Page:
Willa Darias: Understanding the value of the moment
This spring I heard the young Cuban pianist Willa Darias at the Manhattan School of Music in New York. Even though she was wearing a gorgeous red dress, she looked like an innocent little girl at the piano. However, there was nothing childish about her music. Sensual is the first word that comes to my mind, a very sane sensuality. She’s got this precious natural sense that Cubans have for rhythm and rubato. She gave a dimension to the music that isolated you and brought you into a scented and warm world, full of color and relief.
The story of how everything began for her is quite colorful in itself. Nobody in her family was a musician but an uncle who used to live in her house had a small electric piano on which he would play by ear. When Willa was 3, he taught her how to play Happy Birthday and she would play it for everybody who came to her house. Later on, her uncle taught her the name of the notes and soon she could tell which notes he was playing on the piano. Her parents were very surprised; they had no idea what was happening.
Then one day while carpooling, her dad met a woman who told him that Willa had perfect pitch and that she should start piano lessons. The woman actually happened to be a conductor at the Superior Institute for the Arts (the only university for arts in Cuba). She gave Willa’s father the phone number of her best friend’s mom: the chair of the piano department who ended-up being Willa’s teacher for the next 13 years. Willa is very grateful to her former teacher: “she taught me from the beginning that playing the piano is a profession, not some kind of game.” It gave the piano a very important perspective right from the beginning.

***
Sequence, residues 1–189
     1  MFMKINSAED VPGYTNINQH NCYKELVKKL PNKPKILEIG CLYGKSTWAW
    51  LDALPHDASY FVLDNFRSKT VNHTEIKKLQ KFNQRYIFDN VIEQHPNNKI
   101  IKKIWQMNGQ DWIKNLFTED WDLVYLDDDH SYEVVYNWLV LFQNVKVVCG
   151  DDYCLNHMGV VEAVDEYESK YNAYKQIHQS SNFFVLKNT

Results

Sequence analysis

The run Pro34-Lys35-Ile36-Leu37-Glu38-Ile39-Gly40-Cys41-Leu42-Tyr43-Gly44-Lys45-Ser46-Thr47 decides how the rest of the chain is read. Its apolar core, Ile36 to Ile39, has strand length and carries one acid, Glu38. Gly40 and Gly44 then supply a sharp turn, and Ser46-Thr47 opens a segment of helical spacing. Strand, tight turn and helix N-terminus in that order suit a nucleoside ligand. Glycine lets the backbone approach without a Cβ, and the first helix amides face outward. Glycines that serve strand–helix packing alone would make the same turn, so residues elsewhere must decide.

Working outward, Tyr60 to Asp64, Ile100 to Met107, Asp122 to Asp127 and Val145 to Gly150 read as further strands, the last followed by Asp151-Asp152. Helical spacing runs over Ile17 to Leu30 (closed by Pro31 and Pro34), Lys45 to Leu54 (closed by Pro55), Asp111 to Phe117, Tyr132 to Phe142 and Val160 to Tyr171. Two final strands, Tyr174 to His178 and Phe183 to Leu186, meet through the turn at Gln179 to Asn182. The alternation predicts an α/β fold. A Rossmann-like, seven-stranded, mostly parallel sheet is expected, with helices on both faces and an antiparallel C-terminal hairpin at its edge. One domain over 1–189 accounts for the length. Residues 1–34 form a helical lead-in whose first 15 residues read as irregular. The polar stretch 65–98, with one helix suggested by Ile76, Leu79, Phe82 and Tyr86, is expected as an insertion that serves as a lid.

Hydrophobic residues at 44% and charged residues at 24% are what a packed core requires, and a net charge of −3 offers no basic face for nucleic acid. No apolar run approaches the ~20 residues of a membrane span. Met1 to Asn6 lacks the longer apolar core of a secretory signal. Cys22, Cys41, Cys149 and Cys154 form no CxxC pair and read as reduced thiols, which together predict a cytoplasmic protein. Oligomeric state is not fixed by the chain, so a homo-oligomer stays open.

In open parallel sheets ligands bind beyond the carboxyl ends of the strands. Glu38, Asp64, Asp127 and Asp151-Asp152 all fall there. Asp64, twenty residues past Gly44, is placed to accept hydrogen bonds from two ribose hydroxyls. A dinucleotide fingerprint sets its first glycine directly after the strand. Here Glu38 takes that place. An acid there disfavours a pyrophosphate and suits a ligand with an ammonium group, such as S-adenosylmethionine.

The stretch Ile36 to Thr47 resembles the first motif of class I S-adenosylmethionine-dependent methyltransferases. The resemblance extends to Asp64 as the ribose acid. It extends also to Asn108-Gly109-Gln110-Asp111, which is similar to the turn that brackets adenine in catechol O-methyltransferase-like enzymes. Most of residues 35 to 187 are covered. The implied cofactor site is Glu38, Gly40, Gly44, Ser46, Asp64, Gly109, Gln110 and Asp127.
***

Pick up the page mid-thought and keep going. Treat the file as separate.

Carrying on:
Back in Cuba, Willa didn’t have much access to music. She heard one or two recordings of Horowitz she says, but was unaware of any tradition of interpretation. Therefore, for the young woman, classical music is still a complete discovery. “Four years ago I never had heard any of this music”, she marvels. “All the great symphonies and operas, I am hearing them for the first time and I am just so amazed all the time. I embrace whatever excites and inspires me. I don’t hide my enthusiasm for music. I am just in love – you know…with the classical music world!”
Willa is at a point in her life when she just can’t get enough of music and piano. There are so many things that she still wants to achieve technically and so much repertoire that she wants to work on. She feels like she still has a long way to go before she finds her own voice. But yet she is very excited about it: “I am thrilled to see what pianist I will be, to see what will make me “me.” The interesting thing is that we can actually hear that in the young Cuban’s playing: the factor of time, the art in progress.
When I asked the young pianist what being Cuban means to her, she answered that she thinks it’s certain energy and attitude towards life: enjoying and appreciating the things that are good. Cubans are warm and genuine. Willa doesn’t try to blend in and strongly believes in sincerity. For her, the whole point of music – and of life in general – is to actively change the situation by being yourself. “No one has been me, no one has been you. If you can’t bring something different to the whole then you are just imitating. Of course a big part of music making is imitation. That is because someone else has already written the music you are playing and traditions, standards and styles have been established. But once you feel the music your way, it’s all yours. I feel the emotions when I play. I don’t think about how the emotion would feel, I put myself into the emotion and then I play from this emotion in the language of the composer. You can express the same emotion in different composers.”
These days, every time Willa plays, she feels like she is improving. “My freedom is increasing”, she noticed poetically. Somehow she always plays better when performing than in her practice room. Performing just feels really good to her. During performances she feels her brain going faster. It’s a fact adrenalin makes your brain go faster and you process every idea faster. “I feel that in between notes there is like a world, I feel that in between notes I can think so many thoughts and that the possibilities are infinite. I am not just waiting on a note – I have to keep a certain pulse – but I feel myself becoming so creative at the moment when I am playing.” She bounces in the general pulse but in between does whatever she feels like. That’s what playing music is about: understanding the value of the moment, this moment in the music, in life that is so unique.